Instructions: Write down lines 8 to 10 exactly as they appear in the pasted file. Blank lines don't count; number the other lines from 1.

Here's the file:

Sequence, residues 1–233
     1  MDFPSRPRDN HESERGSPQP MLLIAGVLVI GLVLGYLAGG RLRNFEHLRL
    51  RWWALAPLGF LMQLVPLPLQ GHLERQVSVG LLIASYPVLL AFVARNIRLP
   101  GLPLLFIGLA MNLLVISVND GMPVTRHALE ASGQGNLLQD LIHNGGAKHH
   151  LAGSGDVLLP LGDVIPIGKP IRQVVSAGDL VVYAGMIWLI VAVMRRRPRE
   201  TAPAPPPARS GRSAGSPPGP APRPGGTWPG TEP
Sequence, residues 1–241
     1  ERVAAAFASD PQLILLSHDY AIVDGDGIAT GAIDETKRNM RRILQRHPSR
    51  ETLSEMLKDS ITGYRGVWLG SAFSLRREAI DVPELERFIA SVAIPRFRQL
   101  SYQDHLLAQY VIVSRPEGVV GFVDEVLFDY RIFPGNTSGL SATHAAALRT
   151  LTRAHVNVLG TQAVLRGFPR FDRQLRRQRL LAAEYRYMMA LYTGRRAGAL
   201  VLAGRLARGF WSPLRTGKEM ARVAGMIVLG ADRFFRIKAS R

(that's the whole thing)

     1  ERVAAAFASD PQLILLSHDY AIVDGDGIAT GAIDETKRNM RRILQRHPSR
    51  ETLSEMLKDS ITGYRGVWLG SAFSLRREAI DVPELERFIA SVAIPRFRQL
   101  SYQDHLLAQY VIVSRPEGVV GFVDEVLFDY RIFPGNTSGL SATHAAALRT